The Graves County Fiscal Court approved Tracie Mahan to serve as administrator for federal and state funds aimed at helping local governments, businesses and individuals recover from the impact of the COVID-19 pandemic.
Mahan’s role will be to organize and present project information to fiscal court commissioners for possible funding through the American Rescue Plan Act (ARPA) and Kentucky Infrastructure Authority (KIA). The ARPA funds go to communities with populations less than 50,000.
Graves County will receive approximately $7 million in ARPA funds for infrastructure or community need projects, as well as approximately $1.3 million in KIA money solely for infrastructure projects, Judge-Executive Jesse Perry said.
He, commissioners and Mahan were planning to meet today (Wednesday) to establish the process for accepting projects from the court and public. Perry said the process could involve Mahan acting as a clearinghouse to check if proposed projects would qualify with fund guidelines or not. Qualifying projects would be submitted to the fiscal court for further examination, determine cost, and if it is a county priority or “a want and a need.”
Examples Perry shared of potential ARPA projects would be proposed renovations to the former American Legion building for county governmental use as well as needed upgrades to Fancy Farm’s package plant for its sewer system.
“Will it qualify? I don’t know but I think it will,” the judge said of the Fancy Farm plant. “That’s an immediate for me. We want to get that stuff looked at.”
According to Perry, the contract with Mahan, which he said could be formalized this week, would be for six months with a contingency that if the money is not all distributed in that time frame the contract would automatically renew. Either party would also be able to opt out within 30 days.
Meeting virtually, the motion was made by First District Commissioner Richie Galloway and seconded by Third District Commissioner Todd Hayden. Second District Commissioner Tyler Goodman abstained from voting due to both he and Mahan’s husband, Sam, work together at FNB.
In similar business, the court heard a presentation from four members of the Hometown Improvement Project (HIP) on a planned farmer’s market on North 17th Street by the Mayfield-Graves County Ballpark. The members asked for the county to be a “pass through” entity for a potential $250,000 Kentucky Department of Agriculture grant for a building at the market.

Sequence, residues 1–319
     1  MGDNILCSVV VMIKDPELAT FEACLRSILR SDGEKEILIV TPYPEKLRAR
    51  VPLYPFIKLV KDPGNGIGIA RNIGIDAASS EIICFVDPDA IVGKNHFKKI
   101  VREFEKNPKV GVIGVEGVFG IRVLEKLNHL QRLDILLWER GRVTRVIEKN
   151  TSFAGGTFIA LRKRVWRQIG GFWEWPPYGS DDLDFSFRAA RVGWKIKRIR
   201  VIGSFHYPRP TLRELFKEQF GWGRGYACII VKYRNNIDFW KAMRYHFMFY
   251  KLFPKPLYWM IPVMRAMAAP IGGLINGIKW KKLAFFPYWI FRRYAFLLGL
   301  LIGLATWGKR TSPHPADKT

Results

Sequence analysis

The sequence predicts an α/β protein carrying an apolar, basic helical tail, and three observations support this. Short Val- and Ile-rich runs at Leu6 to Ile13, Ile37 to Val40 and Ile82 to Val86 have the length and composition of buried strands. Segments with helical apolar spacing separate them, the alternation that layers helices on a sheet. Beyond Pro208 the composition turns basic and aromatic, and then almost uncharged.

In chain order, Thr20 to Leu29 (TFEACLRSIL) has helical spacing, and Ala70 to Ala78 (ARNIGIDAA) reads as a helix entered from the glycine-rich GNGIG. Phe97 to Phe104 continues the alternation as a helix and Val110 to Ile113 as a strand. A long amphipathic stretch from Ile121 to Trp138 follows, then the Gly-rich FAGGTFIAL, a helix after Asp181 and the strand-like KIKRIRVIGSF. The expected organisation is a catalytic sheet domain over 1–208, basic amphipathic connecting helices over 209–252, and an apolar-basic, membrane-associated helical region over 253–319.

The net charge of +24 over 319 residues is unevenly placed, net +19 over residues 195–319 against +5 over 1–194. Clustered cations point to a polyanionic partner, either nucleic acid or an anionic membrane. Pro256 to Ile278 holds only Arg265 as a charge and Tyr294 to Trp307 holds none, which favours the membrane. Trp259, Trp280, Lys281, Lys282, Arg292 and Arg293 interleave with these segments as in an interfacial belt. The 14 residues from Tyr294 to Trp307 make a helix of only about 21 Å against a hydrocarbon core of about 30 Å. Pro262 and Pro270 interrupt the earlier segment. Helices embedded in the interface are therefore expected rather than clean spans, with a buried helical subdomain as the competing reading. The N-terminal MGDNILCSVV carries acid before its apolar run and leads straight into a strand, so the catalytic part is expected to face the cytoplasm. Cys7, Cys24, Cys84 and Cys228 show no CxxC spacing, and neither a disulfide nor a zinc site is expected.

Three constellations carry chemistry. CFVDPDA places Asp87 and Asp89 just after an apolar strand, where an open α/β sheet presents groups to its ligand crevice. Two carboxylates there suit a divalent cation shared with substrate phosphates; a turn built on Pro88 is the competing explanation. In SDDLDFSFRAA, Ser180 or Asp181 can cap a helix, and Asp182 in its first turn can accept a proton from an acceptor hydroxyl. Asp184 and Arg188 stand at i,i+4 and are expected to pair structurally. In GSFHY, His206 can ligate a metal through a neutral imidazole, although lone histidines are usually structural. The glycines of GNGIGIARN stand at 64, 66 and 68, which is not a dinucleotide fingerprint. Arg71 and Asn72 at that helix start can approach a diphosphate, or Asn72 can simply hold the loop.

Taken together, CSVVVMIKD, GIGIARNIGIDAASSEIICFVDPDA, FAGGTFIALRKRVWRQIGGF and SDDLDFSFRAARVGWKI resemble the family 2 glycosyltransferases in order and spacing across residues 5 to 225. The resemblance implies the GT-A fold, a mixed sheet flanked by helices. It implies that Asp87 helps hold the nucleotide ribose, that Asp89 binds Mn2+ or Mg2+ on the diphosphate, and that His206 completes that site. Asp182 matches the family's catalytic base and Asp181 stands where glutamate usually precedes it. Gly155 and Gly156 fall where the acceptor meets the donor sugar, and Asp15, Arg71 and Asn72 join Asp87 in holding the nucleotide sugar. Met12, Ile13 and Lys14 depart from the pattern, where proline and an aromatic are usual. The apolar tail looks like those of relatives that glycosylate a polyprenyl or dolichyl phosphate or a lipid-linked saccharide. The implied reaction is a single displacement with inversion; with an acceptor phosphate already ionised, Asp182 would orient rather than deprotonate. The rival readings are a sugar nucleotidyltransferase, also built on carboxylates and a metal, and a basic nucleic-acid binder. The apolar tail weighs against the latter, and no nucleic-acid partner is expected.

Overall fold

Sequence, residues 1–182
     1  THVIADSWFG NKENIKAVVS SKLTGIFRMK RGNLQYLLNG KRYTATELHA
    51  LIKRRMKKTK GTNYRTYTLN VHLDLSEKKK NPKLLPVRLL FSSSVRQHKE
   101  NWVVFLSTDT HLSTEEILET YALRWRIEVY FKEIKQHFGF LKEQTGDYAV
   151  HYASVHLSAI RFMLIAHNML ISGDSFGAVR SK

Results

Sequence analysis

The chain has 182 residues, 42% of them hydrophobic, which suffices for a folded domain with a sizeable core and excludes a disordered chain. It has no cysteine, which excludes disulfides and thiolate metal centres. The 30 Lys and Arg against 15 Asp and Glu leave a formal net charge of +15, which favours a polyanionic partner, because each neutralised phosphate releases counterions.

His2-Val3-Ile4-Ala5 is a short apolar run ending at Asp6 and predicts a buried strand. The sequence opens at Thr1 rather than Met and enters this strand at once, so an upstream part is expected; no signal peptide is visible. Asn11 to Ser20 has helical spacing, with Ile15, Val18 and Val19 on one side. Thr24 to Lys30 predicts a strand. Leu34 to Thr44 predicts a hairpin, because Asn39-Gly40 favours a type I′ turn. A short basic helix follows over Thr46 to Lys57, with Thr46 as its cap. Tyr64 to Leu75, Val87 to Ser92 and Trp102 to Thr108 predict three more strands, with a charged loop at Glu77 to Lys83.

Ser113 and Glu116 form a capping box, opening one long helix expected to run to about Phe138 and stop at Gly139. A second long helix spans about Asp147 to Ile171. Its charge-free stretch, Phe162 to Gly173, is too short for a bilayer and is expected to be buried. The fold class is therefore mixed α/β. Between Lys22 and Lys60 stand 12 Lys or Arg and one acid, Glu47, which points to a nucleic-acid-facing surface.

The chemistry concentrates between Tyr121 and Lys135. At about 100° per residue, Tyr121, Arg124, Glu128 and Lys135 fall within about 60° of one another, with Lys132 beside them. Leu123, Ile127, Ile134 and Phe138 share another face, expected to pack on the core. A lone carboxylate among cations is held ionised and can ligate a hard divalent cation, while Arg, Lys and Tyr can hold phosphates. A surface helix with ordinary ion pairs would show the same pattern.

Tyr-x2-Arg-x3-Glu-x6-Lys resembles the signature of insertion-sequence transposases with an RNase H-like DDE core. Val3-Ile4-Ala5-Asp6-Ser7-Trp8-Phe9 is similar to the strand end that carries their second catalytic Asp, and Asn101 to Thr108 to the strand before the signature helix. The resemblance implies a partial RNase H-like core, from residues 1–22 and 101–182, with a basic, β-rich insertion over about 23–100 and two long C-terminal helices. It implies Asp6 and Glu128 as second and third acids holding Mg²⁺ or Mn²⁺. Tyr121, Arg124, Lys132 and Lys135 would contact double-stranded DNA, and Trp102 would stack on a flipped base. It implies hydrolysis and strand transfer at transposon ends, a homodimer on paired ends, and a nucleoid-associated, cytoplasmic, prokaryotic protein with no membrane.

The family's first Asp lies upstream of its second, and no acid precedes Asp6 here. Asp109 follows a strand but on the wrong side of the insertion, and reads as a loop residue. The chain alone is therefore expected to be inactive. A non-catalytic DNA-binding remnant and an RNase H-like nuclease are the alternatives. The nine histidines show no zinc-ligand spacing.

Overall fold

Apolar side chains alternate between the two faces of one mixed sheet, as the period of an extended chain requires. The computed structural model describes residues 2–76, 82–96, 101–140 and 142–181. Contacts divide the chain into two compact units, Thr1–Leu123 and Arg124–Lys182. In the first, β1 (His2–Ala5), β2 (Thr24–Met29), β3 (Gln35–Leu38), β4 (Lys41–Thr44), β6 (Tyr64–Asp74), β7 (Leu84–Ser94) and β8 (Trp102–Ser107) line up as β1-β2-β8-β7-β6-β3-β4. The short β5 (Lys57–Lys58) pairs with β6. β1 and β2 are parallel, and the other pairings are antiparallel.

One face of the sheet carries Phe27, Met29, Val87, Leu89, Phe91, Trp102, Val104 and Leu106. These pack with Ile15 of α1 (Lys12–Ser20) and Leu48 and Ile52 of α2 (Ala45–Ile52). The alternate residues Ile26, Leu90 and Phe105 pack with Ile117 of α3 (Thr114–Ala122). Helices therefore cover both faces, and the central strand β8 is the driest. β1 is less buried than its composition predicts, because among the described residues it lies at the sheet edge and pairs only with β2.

“We’re bringing the money. We just need your buy in as the county’s support of that,” said HIP member Elizabeth Riley. Kentucky Agriculture Commissioner Ryan Quarles had pledged his department’s support for the farmer’s market project at this year’s Mayfield/Graves County Chamber of Commerce Farm to Table Dinner. The Hometown Improvement Project has applied for the grant.
With the land for the proposed farmer’s market being leased by HIP from the City of Mayfield, County Attorney John Cunningham stated cities and counties cannot share monies unless there are certain conditions such as a park project. Commissioner Hayden, who chairs the parks and recreation committee, offered to use the committee as the “pass through.”
“That would work,” Cunningham said.
Riley and fellow HIP member Jodie Hansen both expressed the goal of connecting the farmer’s market to the larger area with the ballfields, Graves County Public Library and Scott Thompson Tennis Courts with dedicated green space, restrooms, sidewalks, parking and lighting.
“We feel this could be our new hub,” Hansen said. “Is it just a farmer’s market or could it be more? Working alongside the ballpark, we see this as a perfect fit.”
“We’re the agriculture capital of Kentucky,” Riley added. “For us not to have a farmer’s market pavilion to showcase that seems to be a shame. We think this could be a legacy for our kids and grandkids to enjoy for years to come.”
Also at the Farm to Table Dinner, Pilgrim’s plant officials presented HIP members with $309,000 through its Hometown Strong initiative for the farmer’s market.
Commissioners and HIP members planned to meet again to gather additional information on the pass through details and project costs.
The court also:
- Entered into a resolution with the Kentucky Transportation Cabinet for $78,000 in discretionary funds for Shaw Road and J.T. Rives.
- Accepted county treasurer claims.
- Approved Graves County Fiscal Court October 2021 financial statement.
Commissioners also heard from Jailer George Workman on a laundry machine that had a blown motor. Workman said a new washer would run approximately $19,000 but would look at leasing options and report back to the judge and commissioners.
The court also agreed to cancel its scheduled Dec. 27 regular meeting. The court will have its next meeting on Nov. 22 via Zoom then meet on Dec. 13 in the circuit courtroom in the Graves County Courthouse.